Tel Aviv University

There's a Hidden Message on This 3,000 Year-Old Piece of Pottery

Read between the wavelengths.

DAVID NIELD
20 JUN 2017
 

Archaeologists have uncovered a secret message on a piece of pottery dating back to biblical times, using the latest in multispectral imaging technology to show scribblings invisible to the naked eye.

The pottery shard, technically known as an ostracon, has been on display in an Israeli museum for more than 50 years but only now has the hidden text come to light. Perhaps unsurprisingly, it starts with a request for wine.

 

Experts from Tel Aviv University in Israel think the text on the back is a continuation of the inscription on the front, which has always been visible and covers information about various military finances. The piece was originally picked up at Tel Arad, the site of an ancient desert fortress near the modern Israeli city of Arad.

"While its front side has been thoroughly studied, its back was considered blank," says one of the team, Arie Shaus.

After noticing "several marks" on the reverse side of the ostracon, the researchers decided to take a closer look.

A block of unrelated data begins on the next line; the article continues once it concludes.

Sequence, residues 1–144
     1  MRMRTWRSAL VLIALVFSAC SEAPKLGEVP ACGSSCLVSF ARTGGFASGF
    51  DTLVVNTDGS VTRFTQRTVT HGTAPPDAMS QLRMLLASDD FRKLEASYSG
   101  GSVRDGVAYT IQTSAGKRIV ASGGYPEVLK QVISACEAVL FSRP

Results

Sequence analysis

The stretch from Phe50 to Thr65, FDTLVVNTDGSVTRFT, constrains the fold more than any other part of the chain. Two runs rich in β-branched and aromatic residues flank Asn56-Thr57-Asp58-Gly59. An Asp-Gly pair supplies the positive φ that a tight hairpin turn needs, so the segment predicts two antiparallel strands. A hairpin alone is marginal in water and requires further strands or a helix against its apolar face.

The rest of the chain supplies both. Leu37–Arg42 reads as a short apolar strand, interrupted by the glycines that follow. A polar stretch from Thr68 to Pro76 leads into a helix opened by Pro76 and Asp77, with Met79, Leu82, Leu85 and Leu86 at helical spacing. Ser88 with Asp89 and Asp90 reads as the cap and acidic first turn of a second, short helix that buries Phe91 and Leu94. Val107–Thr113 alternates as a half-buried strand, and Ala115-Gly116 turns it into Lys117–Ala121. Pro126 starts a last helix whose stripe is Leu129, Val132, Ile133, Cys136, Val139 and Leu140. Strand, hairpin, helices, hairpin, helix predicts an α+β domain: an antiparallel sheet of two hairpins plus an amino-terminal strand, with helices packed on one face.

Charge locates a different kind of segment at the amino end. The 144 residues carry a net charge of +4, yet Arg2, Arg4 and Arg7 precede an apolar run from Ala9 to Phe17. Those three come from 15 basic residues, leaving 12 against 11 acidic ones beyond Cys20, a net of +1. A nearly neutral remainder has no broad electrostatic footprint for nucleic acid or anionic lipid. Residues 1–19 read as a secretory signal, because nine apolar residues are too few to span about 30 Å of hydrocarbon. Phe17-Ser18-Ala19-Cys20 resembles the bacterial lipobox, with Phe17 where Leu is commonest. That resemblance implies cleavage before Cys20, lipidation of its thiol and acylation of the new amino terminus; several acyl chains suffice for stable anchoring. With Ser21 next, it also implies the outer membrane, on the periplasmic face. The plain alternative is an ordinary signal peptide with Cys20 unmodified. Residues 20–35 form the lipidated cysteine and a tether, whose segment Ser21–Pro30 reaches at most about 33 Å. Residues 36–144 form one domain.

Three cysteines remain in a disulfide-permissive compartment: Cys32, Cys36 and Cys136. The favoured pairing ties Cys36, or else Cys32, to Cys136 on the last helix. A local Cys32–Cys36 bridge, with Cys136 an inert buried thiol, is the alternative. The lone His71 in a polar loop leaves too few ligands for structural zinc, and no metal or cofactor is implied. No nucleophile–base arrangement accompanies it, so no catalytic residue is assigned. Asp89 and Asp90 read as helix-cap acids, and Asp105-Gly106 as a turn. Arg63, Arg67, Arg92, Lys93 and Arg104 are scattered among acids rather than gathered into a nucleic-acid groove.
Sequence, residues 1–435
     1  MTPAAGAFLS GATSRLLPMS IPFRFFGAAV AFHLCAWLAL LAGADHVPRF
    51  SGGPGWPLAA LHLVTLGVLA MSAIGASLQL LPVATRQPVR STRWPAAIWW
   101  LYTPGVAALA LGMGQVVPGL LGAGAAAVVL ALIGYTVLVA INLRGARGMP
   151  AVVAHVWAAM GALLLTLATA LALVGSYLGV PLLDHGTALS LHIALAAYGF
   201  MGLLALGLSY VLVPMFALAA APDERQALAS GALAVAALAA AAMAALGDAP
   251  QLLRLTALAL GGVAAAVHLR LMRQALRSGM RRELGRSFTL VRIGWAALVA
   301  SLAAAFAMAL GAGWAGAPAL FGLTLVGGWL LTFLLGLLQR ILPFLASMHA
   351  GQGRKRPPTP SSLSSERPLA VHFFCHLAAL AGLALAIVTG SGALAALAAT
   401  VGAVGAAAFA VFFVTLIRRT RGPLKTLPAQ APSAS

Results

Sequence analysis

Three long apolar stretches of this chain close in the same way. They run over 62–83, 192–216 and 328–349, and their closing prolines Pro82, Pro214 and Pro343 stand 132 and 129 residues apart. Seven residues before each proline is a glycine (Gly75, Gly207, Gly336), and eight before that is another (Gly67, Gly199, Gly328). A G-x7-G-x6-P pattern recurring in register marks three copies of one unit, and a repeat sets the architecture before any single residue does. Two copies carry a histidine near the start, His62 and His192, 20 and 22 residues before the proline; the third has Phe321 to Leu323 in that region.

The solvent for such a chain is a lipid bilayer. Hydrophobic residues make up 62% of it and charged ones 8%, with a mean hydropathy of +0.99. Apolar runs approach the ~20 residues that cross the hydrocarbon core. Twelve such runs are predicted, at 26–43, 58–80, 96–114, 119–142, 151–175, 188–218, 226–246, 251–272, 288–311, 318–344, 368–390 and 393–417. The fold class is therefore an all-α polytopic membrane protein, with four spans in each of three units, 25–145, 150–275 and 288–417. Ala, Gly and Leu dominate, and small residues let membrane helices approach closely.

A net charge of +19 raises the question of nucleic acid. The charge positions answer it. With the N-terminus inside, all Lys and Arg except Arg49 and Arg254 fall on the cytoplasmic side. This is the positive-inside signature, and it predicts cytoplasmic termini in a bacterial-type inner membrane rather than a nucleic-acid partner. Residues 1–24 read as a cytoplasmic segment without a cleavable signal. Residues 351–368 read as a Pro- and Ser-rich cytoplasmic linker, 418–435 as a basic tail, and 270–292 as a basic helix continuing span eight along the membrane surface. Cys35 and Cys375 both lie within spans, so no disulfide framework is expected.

"To our surprise, three new lines of text were revealed," says Shaus.

The multispectral imaging technique used by the researchers can show light on wavelengths invisible to the human eye, like the infrared beams sent from your remote control to your television.

Images of the pottery were snapped using a modified Canon SLR 450D digital camera and a series of filters covering different parts of the light spectrum, then processed in an editing application to bring out the text.

 

In total, 50 new characters and 17 new words were revealed using the process. The message begins with a request for wine, before guaranteeing assistance if the recipients of the message have any requests of their own.

Finally there's a request for the provision of a certain unnamed commodity to a certain unnamed person, and a note about a particular measurement of wine carried by someone called Ge'alyahu.

About 20-30 soldiers would have been stationed at the outpost around the time of 600 BCE, when the pottery dates from. It would seem getting a steady supply of alcohol was pretty high up on their list of priorities.

Now the scientists behind the reveal are keen for the same multispectral imaging approach to be used on other ancient pieces of pottery – otherwise who knows what kind of messages and inscriptions we could be missing?

The team is also planning to test their new technique on other artefacts themselves, to see if any more revealing messages are hiding in plain sight. Those messages could teach us much more about how ancient civilisations lived.

"Each new line, word, and even a single sign is a precious addition to what we know about the First Temple period," says one of the team, Anat Mendel-Geberovich.

The research has been published in PLOS One.

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